Children's Med Center Energizes Telethon
The Children's National Medical Center, Washington, which got involved with Great Lakes, Milwaukee, last year, wanted to get in touch with lapsed donors and raise their interest in the telethon. It designed a program that integrated its existing direct mailing program, its telemarketing campaign and the telethon.
Howard Silberstein, director of promotions for the 128-year-old nonprofit organization, said the first step was to contact all the previous donors who had stopped making donations, "try to get them interested in giving again" and then provide them with information about the telethon. The hospital also challenged its lapsed donors to raise $100,000.
David Downing, senior director of development for Great Lakes, which specializes in providing teleservices for nonprofit organizations, said the program helped bring back 2,200 lapsed donors and, at the same time, created a proven model for other nonprofit organizations to copy.
"It was successful in a number of ways," Downing said. "We drastically increased the viewership of the telethon, brought back a number of lapsed donors and provided other organizations with a concrete example of a program that works. The goal is always to move people up the ladder and keep them in the fold, not letting them get away. This integrated program focuses on doing just that."
The program helped raise more from individual donors than any of the hospital's other previous telethons, which traditionally had received the majority of their donations from corporations. The Children's National Medical Center telethon raised $4.5 million.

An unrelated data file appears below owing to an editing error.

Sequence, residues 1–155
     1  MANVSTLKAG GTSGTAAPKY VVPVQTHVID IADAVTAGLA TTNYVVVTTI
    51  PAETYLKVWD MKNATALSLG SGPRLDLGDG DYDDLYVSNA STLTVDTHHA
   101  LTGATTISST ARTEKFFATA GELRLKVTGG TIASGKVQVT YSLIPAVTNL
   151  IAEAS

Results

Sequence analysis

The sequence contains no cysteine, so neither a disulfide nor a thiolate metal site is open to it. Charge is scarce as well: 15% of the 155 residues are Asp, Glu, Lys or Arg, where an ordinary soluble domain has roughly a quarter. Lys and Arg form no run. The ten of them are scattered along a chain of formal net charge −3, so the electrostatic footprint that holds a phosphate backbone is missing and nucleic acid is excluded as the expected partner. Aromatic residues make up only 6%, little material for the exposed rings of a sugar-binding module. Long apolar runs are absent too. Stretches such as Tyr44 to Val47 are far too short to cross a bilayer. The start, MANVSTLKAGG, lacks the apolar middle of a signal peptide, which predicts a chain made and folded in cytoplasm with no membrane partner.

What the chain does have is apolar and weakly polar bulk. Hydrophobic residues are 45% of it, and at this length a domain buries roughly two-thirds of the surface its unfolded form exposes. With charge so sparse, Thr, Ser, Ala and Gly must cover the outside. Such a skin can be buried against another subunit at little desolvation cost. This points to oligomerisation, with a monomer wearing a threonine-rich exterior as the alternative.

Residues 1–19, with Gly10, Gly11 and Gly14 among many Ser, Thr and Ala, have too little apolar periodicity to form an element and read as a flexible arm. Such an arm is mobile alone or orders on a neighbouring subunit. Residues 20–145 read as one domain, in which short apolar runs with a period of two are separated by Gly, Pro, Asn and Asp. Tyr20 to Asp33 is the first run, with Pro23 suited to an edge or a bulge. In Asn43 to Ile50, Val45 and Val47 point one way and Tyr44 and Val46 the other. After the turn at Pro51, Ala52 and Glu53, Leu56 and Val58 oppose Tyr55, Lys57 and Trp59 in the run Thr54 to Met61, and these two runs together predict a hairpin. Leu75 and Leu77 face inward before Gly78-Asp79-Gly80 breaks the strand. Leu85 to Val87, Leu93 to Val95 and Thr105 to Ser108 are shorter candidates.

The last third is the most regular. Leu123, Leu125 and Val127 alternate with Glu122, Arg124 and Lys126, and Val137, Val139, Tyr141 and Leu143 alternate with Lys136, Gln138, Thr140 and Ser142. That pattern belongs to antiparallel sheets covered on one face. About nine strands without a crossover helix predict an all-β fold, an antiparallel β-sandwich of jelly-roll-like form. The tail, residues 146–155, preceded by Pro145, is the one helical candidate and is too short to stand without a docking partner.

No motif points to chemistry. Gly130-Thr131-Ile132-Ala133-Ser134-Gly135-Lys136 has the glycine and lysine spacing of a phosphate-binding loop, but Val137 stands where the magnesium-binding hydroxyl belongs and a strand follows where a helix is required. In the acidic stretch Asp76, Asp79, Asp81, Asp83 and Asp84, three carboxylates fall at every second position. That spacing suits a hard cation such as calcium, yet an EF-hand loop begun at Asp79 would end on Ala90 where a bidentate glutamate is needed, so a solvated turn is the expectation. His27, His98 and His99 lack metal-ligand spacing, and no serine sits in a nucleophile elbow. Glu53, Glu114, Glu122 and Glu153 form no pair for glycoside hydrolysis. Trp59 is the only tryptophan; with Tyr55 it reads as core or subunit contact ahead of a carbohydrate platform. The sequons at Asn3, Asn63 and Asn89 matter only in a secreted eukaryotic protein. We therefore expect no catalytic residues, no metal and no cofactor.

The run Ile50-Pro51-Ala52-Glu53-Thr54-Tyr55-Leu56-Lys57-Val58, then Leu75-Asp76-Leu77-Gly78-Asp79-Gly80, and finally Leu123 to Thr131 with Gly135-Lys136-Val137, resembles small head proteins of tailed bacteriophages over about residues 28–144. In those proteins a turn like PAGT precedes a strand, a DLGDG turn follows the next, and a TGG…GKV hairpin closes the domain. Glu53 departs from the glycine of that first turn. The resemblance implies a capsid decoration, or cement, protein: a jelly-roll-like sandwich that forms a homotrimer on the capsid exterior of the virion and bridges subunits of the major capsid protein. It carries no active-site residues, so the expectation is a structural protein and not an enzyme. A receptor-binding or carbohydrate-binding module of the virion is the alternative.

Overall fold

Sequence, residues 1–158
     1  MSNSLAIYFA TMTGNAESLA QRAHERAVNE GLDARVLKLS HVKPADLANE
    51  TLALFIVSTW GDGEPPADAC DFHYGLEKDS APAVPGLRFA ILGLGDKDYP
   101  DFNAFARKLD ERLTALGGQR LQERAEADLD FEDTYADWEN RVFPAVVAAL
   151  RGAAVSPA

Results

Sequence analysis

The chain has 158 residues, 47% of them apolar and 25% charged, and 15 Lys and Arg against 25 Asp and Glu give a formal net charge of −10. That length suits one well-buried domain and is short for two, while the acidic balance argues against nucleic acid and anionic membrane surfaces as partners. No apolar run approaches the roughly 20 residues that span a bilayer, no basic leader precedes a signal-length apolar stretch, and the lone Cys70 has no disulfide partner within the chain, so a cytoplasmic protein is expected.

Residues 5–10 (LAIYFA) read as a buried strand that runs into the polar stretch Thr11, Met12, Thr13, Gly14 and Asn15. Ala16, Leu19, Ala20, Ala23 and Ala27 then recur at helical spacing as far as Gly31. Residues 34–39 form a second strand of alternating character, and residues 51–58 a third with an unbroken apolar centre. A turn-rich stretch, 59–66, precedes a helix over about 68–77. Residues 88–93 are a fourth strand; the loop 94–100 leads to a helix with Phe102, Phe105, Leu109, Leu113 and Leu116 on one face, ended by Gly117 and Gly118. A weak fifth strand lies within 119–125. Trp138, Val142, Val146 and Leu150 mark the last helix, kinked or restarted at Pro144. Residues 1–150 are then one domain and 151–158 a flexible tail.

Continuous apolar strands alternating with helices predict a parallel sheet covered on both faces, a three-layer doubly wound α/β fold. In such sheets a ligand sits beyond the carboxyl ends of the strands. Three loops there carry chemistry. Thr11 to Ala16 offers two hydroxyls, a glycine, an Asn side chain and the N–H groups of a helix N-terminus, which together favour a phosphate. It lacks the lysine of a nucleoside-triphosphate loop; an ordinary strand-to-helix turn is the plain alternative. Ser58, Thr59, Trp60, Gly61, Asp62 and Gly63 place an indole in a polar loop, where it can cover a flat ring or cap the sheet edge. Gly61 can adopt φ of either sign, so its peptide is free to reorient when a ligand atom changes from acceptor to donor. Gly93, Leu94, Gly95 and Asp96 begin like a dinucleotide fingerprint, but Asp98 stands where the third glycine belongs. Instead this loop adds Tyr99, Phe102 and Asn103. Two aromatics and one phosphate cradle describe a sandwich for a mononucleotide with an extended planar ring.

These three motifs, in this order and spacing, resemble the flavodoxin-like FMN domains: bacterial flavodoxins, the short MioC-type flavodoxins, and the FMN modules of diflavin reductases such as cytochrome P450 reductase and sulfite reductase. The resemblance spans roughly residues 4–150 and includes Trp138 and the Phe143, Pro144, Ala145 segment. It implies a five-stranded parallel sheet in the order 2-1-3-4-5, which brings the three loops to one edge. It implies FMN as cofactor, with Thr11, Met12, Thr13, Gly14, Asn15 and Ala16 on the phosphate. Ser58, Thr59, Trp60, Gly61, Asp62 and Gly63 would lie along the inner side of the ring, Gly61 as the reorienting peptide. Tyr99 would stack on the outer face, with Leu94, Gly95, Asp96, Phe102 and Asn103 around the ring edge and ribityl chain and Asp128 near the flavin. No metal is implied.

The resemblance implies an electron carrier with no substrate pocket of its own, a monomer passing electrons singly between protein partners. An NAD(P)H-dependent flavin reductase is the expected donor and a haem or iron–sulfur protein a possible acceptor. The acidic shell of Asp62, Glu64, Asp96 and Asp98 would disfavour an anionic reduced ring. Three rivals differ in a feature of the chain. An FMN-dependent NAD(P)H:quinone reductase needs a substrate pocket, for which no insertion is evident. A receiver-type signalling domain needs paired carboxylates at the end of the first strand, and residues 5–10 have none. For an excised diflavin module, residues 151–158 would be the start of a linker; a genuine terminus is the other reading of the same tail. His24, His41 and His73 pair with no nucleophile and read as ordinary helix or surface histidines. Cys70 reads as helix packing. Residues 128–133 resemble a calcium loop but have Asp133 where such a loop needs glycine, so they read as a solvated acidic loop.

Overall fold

"This would be a beneficial program for others to use," Silberstein said. "If you can integrate and then show the donors the significance of the relationship between you and them, it will improve their response to your programs. And successfully integrating your direct mailing and teleservices program creates a win-win situation."
According to Downing, one of the key components of the program was a donor-recognition feature. After callers made a donation by using a credit card, their names appeared on television and they were personally thanked.
"This was a good way to connect with these people," Downing said. "It maximized their interest by validating their experience."
Silberstein said the hospital, which has a database of just under 100,000 people, saw an 87 percent realization on its investment.
"Our goal was to see a 70 percent realization," he said, "and when you make 70 percent that's great, but it's unusual to do 87 percent. That proved to us that the program worked."
The program raised a fulfilled revenue of $56,176, a net income of $10,335 and a pledge revenue of $64,571. It also helped the hospital identify a new revenue stream, better identify donor choice because of the live contact and strengthen the development of the hospital's marketing relationships.
"I think this proved that there is a strategy for every donor," Downing said, "and if you are innovative in your thinking, it provides solutions that can exceed your expectations."